Our Insight List is designed to keep us on our toes and you in the loop, on a regular basis. Our
Quarterly Insights is sent to our clients and friends four times a year. Our Show Insights provide
in-depth reports from the major International Auto Shows.
BMW: weaving its way into the future?
Much has been made of the so-called ‘lifecycle’ architecture BMW’s using as the basis for its new i cars. The structural approach – which features an aluminium lower chassis (onto which engine, batteries, suspension are bolted) with a carbon fibre reinforced plastic (CFRP) upper structure – is cutting edge in technology and material terms.
In fact, the i8 the I drove last week while moonlighting in my occasional role as an automotive columnist for a technology magazine, stands for something altogether more futuristic and technology-led in image than any supercar that’s gone before it. It’s a very interesting way of moving the typology forward, one that largely abandons the pretence of motor-racing heritage as the basis for prowess and image.
Are Google’s driverless cars set to change car design?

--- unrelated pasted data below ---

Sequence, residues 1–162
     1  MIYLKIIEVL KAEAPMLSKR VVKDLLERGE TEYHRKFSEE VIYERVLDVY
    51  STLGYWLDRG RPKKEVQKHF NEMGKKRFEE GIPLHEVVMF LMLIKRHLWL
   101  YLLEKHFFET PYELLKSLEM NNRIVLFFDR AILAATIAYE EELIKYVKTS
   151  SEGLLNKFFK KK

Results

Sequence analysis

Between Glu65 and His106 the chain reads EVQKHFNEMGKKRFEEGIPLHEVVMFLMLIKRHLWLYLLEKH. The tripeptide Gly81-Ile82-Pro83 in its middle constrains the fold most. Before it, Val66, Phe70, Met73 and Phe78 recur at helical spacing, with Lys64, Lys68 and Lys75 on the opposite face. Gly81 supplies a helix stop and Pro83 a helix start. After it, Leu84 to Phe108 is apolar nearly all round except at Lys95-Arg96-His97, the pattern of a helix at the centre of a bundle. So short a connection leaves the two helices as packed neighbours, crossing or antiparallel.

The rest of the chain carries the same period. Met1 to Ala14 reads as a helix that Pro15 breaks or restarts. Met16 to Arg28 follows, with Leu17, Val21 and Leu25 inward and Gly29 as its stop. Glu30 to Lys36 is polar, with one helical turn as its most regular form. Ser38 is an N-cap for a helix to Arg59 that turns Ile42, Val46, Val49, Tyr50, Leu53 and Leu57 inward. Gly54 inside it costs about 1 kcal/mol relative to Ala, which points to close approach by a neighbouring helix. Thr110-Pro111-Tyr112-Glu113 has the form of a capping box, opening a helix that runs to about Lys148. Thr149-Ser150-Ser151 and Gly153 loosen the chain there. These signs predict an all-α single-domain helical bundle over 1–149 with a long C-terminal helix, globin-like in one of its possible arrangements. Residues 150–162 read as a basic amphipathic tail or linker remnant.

The Google self-driving car has taken a bit of stick in both the mainstream automotive and specialist design press for the way it looks. We’re not about to start defending it, as from a purely automotive design resolution perspective it leaves quite a lot to be desired.
Nonetheless we do think that some people are missing the point. And in a video released by Google to chart the development of the car (and why it is like it is), we find some interesting clues as to the car’s looks.
With the official introduction of Android Auto at their annual I/O developer's convention last week, Google has already jumped ahead of Apple by offering smart solutions to in-car usability and not just a simple conduit to control your phone. Several manufacturers, including Audi, Bentley, Hyundai, Kia and Volvo were announced to be the first to feature the technology, although Google claims a huge list of nearly 40 (all?) major carmakers are on board.